What is hydraulic fracturing?

Hydraulic fracturing (also known as emplacement) involves the use of high-pressure injection of water or remediation amendment to initiate new fractures in finer-grained soils and weathered bedrock. Following the fracture, amendments are then pumped into these zones. Typically, solid slurry chemistries like zero valent iron (ZVI), calcium peroxide, granular activated carbon or potassium persulfate are applied. Unlike pneumatic fracturing, hydraulic can be implemented through direct push drilling technology.


How does hydraulic fracturing work?

By exceeding the fracture pressure of the formation, new fractures are created in fine grained soils. Typically, two to five-foot zones are targeted with focused injection nozzles. Once the fractures have been created, amendments are injected into them to begin treatment of contaminants.

We use the vertical hydraulic fracturing method (also known as vertical inclusion propagation or VIP) for both single and multi-azimuth installations in addition to horizontal fracture emplacement.

Single-azimuth VIP is the trenchless PRB method, also known as the GeoSierra method. Instead of iron filings, sand or ceramic beads are injected creating a continuous conductive zone or permeable reactive treatment zone (PRTZ). The PRTZ is then used for injection of remedial amendments either by new injection wells installed within the PRTZ or via our specialized casings, which can be reused for injections. The objective of the design is a means for homogenous and continuous treatment which may be in a mid-plume location, as a cutoff treatment barrier, or for upgradient nitrate reduction prior to a downgradient PRB. The design considerations are endless.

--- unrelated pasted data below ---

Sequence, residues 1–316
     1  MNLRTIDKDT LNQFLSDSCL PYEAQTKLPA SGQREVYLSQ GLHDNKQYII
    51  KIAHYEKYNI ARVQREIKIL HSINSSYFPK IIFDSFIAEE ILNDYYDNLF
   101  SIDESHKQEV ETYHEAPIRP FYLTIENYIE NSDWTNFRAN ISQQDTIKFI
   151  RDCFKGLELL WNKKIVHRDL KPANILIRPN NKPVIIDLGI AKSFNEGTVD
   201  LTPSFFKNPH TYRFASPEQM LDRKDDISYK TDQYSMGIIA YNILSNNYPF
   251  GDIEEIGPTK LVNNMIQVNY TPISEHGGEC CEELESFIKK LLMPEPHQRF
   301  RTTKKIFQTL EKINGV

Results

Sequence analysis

The multi-azimuth approach was originally tested as an oil field well enhancement technology. It has been modified and adapted to allow installation in a variety of lithologic environments for source area remediation, as well as permeability enhancement for existing injection/extraction and potable water supply wells. Primarily used for injection of coarse high permeability sand, ceramic beads or other permeability enhancing materials like iron filings, injection field tests of a 6-wing configuration resulted in a 100x increase in permeability during enhancement of source area extraction wells. The multi-azimuth technology utilizes a similar vertical inclusion propagation technology to control injections in 4, 6 or 8 wing configurations. We have implemented the multi-azimuth VIP technology for enhancement of extraction wells, injection of iron filings in a source area, and for immediate and future injections for bioremediation.

The horizontal fracturing method is used to emplace proppants such as sands or ceramic beads or even oxidants when thin clay lenses exist, interception of vertical pathways or a greater lateral distribution is required, or treatment is required under a building. Temporary injection wells are typically installed using direct push technology and fractures are completed from the bottom up, depending on the project objectives and lithology. A horizontal notch is cut at the initiation depth followed by the injection of the highly viscous cross linked guar gum gel. An enzyme is added to the gel prior to injection so the gel’s starches biodegrade to sugars and water within a couple hours. Vertical spacing is typically two feet, and lateral inclusions may extend upwards of 50 feet in diameter.


What are common reasons for using hydraulic fracturing?

  • To enhance existing recovery systems like dual phase, SVE, pump & treat, etc.
  • To add higher volumes of remedial amendments due to increased porosity and/or conductivity
  • To enhance potable water wells
  • To increase the efficiency of thermal systems
  • To extract product recovery in tight formations
  • To emplace passive treatment systems


Why choose hydraulic fracturing?

Contaminants in fine grained soils and bedrock can only be effectively treated if the amendment achieves sufficient contact—and that can often only be achieved through fracturing the subsurface.


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